Providers need to consistently implement immunization schedules

October 21, 2019

The evidence is clear: Practitioners who fail to administer immunizations according to the Centers for Disease Control and Prevention and Advisory Committee on Immunization Practices schedules results in adverse outcomes for children and adolescents who are needlessly exposed to vaccine preventable diseases.

The evidence is clear: Practitioners who fail to administer immunizations according to the Centers for Disease Control and Prevention and Advisory Committee on Immunization Practices schedules results in adverse outcomes for children and adolescents who are needlessly exposed to vaccine preventable diseases (VPDs). Community chaos occurs when parents offer resistance and refuse to have their children vaccinated and then, these behaviors are coupled with a failure to vaccinate on schedule. Ms. Zimlich’s infectious disease article, PCV13 serotypes still contribute to pneumococcal disease, provides evidence of the chaos that contributes to children acquiring invasive pneumococcal diseases (IPDs) that are preventable. All pediatric provider practices are at risk of being engulfed by the chaos, whether the child is a patient in the practice, or children in the practice have been exposed to unvaccinated children who have a VPD, or the community, as a whole, resists taking actions to confront and stop the chaos. The philosophical underpinnings of Chaos Theory1 provides insights into a community in chaos when providers and parents fail to follow evidence-based scientific recommendations and guidelines in clinical practice: Behaviors of complex systems, specifically referencing immunization resistant communities [inclusive of providers and parents] result in unpredictable future states and, in this example, exposure of innocent children too early to be vaccinated or unable to be immunized to prevent VPDs.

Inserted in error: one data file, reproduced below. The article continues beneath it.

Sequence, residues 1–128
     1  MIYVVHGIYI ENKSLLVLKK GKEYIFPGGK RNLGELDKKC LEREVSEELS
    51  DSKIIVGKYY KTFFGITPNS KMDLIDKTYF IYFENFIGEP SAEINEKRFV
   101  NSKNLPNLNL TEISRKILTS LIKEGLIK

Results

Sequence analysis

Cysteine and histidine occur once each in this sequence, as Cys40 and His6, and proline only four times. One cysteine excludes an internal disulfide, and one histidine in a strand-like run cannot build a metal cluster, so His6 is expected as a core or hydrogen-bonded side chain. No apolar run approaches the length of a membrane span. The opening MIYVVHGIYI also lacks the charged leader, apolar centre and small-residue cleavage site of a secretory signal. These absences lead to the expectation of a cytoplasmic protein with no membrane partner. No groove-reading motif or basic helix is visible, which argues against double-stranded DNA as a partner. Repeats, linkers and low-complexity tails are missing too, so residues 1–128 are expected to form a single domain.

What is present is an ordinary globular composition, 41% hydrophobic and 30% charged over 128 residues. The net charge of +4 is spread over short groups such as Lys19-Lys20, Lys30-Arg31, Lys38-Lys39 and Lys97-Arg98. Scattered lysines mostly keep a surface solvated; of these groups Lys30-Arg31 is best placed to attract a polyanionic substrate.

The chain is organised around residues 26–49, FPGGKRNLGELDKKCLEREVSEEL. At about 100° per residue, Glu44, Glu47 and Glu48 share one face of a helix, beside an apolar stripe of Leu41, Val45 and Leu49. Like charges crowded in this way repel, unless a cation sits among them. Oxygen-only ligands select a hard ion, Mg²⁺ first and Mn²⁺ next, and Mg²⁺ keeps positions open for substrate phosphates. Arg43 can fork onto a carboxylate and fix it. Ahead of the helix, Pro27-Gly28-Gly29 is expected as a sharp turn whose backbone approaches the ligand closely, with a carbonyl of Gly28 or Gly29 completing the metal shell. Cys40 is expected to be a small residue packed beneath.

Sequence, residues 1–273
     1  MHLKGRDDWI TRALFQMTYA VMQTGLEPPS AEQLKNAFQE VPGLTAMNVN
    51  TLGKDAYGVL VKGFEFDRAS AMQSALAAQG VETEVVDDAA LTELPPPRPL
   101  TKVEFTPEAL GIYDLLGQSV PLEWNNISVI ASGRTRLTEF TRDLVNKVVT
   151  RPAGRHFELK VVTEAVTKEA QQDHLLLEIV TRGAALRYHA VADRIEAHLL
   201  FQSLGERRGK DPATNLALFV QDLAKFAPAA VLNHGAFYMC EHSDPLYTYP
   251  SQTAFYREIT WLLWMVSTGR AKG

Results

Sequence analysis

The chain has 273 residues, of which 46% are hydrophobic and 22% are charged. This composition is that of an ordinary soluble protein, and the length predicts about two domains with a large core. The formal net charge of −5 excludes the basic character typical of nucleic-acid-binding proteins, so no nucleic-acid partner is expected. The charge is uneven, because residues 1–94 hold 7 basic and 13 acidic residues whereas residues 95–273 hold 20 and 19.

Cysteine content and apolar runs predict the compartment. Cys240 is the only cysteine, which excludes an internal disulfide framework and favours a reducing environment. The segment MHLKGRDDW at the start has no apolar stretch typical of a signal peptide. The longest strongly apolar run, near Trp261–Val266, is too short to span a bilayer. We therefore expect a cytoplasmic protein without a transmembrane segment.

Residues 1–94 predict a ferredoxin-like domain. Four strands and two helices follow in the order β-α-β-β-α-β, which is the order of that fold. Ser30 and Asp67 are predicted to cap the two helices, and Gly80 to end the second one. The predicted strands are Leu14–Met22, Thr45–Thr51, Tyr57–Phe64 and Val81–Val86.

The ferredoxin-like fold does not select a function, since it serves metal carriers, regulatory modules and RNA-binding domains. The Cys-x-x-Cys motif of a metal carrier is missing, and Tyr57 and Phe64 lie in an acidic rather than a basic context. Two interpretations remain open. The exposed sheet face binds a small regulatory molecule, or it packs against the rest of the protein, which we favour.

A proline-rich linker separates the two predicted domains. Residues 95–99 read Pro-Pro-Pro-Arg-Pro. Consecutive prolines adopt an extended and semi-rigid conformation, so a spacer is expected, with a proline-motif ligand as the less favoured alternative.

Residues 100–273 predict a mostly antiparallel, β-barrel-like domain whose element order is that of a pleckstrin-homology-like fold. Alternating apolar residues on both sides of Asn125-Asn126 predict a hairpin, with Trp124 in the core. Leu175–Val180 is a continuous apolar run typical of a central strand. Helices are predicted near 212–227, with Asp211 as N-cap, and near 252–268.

The facts as presented

A study was conducted at 8 US hospitals between 2014 and 2017 evaluating children aged 4 to 7 years, with IPD.  

  • PCV13 serotypes accounted for 23.9% of the IPD isolates during the study period

  • Serotypes 3, 19A, and 19F accounted for 91% of the cases

  • 40% of those children with IPD received either no doses of the vaccine or just 1 dose, thus these children were vulnerable to IPD

Recognizable patterns

Three recognizable patterns that adversely affect pediatric healthcare outcomes and continue to be of concern for all pediatric providers include: 1). Vaccine refusing parents who permit their children to be exposed to VPD without a scientific basis for their refusals, thus exposing other children to VPDs; 2). Pediatric providers who fail to follow current recommendations in the immunization schedule; and 3). The need for rigorous research studies investigating the underpinnings for best clinical practices for pediatric and adolescent populations by providers who do not follow national recommendations and vaccine refusing parents. 

Recommendations

 

Since the 2019 measles crisis, some states have updated immunization laws removing non-medical exemptions and require all children to be vaccinated to enter and attend school. Even with the passage of these laws, chaos can be expected to erupt. All providers must ‘think outside of the box’ for potential problems that may contribute to a new direction of chaos. School nurses have a particular obligation to carefully review vaccine records submitted to the school by the parents, to ensure accuracy of the records. Professional accountability by all providers must meet the highest of standards. Research studies investigating the rationale for provider and refusing parent decisions followed by evidence-based interventions to address the findings need to be supported. Prevention of IPDs through the highest standards of clinical practice and rigorous research studies is a challenge, we as pediatric providers, must accept and act upon. 

References:

1. Oestreicher C. A history of chaos theory. Dialogues Clin Neurosci. 2007;9(3):279-89.